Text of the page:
As we mentioned earlier, last week we released the Airport CEO Steam Store page! This of course marks a major milestone for the Airport CEO release train and is a requirement from Steam. The page must be live at least two weeks before any initial release can be made and that part is now in motion. This week we will also submit a build version for Steam to review, hopefully it should pass without any problems. We know that many of you are very interested in an exact release date and an exact price point but we’re still not comfortable doing so. Partly because of the mentioned “hurdle” which where we need to get the “OK” from Steam but also because we, from that OK, need to plan a suitable release date so that we can focus entirely on bug squashing and pushing updates. Regarding the price, we’ll leave that as a surprise. The game is developed by a completely new studio and is currently in an Early Access alpha state, which we are very aware of, and will thus be priced as such. Upon launch we will provide a detailed breakdown of the costs so that you can see what you’re paying for.
If you haven’t checked out the store yet, make sure to do it by clicking here!
In combination with the launch of the store page we also, of course, put together a little trailer. If you haven’t seen it, well help you out:
With over 20k views over the weekend we are more than delighted. Thank you to everyone for your great feedback and amazing comments. We hope to be able to meet some of your expectations very soon.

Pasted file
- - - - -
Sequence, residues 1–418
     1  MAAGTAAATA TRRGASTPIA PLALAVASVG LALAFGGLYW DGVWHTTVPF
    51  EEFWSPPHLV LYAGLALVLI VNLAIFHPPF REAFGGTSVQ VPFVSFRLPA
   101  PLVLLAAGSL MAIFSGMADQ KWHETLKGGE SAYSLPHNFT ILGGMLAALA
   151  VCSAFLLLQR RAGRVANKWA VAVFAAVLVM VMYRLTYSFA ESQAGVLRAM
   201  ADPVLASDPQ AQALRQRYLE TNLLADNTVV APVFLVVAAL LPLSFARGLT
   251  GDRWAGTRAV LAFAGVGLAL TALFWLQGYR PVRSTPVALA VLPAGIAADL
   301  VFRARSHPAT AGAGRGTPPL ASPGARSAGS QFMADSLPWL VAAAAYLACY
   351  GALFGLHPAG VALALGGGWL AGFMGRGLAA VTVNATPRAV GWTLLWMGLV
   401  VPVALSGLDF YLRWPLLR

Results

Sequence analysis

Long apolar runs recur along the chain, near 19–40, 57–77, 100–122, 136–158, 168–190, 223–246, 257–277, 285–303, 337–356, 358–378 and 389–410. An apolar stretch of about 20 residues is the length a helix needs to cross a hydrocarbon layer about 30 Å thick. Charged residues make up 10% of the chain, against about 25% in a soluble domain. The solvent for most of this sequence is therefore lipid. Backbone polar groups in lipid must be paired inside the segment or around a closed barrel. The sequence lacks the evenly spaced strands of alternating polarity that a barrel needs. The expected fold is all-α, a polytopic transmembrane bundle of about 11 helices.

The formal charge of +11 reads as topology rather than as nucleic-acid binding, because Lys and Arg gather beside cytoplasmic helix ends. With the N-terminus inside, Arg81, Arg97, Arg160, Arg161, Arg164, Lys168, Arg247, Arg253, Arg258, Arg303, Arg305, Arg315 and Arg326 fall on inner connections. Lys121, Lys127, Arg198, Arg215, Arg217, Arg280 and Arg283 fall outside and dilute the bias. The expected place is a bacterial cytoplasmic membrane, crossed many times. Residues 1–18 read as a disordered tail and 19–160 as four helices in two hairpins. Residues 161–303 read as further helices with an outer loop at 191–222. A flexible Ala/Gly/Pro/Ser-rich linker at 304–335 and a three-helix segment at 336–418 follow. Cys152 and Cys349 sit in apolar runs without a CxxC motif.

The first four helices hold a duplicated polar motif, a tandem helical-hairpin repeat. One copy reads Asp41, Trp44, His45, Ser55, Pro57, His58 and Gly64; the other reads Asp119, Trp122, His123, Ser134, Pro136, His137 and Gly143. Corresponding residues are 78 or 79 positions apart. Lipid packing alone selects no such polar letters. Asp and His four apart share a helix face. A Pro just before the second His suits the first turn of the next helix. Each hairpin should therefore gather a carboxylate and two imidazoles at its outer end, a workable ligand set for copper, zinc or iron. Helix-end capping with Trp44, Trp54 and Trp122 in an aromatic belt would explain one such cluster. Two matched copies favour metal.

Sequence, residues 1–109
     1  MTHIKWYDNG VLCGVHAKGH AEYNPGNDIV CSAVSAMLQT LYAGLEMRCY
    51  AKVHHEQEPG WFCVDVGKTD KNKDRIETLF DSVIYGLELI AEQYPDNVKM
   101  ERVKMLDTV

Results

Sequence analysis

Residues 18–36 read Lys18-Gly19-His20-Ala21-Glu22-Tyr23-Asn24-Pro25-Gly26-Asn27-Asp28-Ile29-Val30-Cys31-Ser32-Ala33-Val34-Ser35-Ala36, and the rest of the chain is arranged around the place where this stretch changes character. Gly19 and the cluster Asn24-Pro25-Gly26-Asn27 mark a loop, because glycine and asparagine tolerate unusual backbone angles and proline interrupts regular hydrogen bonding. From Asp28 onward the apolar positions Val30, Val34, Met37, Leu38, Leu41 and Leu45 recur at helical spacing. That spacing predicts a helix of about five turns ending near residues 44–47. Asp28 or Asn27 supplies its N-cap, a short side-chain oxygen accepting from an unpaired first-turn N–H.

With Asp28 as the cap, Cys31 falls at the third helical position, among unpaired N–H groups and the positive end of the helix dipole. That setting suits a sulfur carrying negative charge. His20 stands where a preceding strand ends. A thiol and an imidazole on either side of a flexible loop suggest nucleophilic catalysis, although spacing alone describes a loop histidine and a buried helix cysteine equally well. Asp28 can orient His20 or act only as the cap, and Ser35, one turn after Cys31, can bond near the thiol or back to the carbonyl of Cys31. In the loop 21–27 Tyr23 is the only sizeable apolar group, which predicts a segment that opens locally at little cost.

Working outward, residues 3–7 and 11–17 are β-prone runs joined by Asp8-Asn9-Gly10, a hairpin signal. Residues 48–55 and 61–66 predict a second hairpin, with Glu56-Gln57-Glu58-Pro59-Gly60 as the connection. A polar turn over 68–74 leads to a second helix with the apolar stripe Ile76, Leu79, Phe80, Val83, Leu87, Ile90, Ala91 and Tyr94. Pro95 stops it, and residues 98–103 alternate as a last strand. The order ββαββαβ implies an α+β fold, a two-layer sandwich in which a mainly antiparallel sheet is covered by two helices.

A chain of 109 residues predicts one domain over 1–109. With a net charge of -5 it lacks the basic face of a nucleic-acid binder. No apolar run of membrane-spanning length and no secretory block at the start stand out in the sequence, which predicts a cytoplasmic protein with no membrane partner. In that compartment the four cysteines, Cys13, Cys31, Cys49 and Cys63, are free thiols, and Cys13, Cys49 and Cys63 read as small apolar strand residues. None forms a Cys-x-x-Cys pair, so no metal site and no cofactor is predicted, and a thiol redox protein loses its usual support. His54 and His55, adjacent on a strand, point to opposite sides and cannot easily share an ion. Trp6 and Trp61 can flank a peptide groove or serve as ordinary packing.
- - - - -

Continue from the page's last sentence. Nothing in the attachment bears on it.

As you can see from the changelog we’ve been very invested in QA testing this week. It’s mostly consisted of running long play throughs where we’ve evaluated the functionality and playability of the game, jotted down notes, solved any minor errors we could and then carry on with the tests. One discovery that we made, which really was about time, was the need for nighttime lighting when constructing and thus we quickly implemented a little flashlight to make building easier during night. It currently looks something like this (ignore the shitty quality)…
In other news, as you might see, we’ve done some website makeover and will continue to do so over time. Nothing major, just some new colors and overall structural improvements. A lot of time this week has also gone into making our release pipeline even more optimized so that we now can perform one-click build and deploy to either the default or experimental branch, both which are up and running and are receiving updates. All right… I think that’s it. For anyone who just joined us and to all of those who’s been with us for the past two years: Great to have you with us and looking forward to making you all airport CEOs soon. That’s it for this week. Fly safe!
Good evening airport CEO and welcome to yet another development blog post. This is the 141st in order and today we’ll put most aspects of...Read more
Hi there, airport CEO! Welcome back to another dev blog and perhaps a little break from Alpha 33 and the big bird update which was deployed on the default branch just this...Read more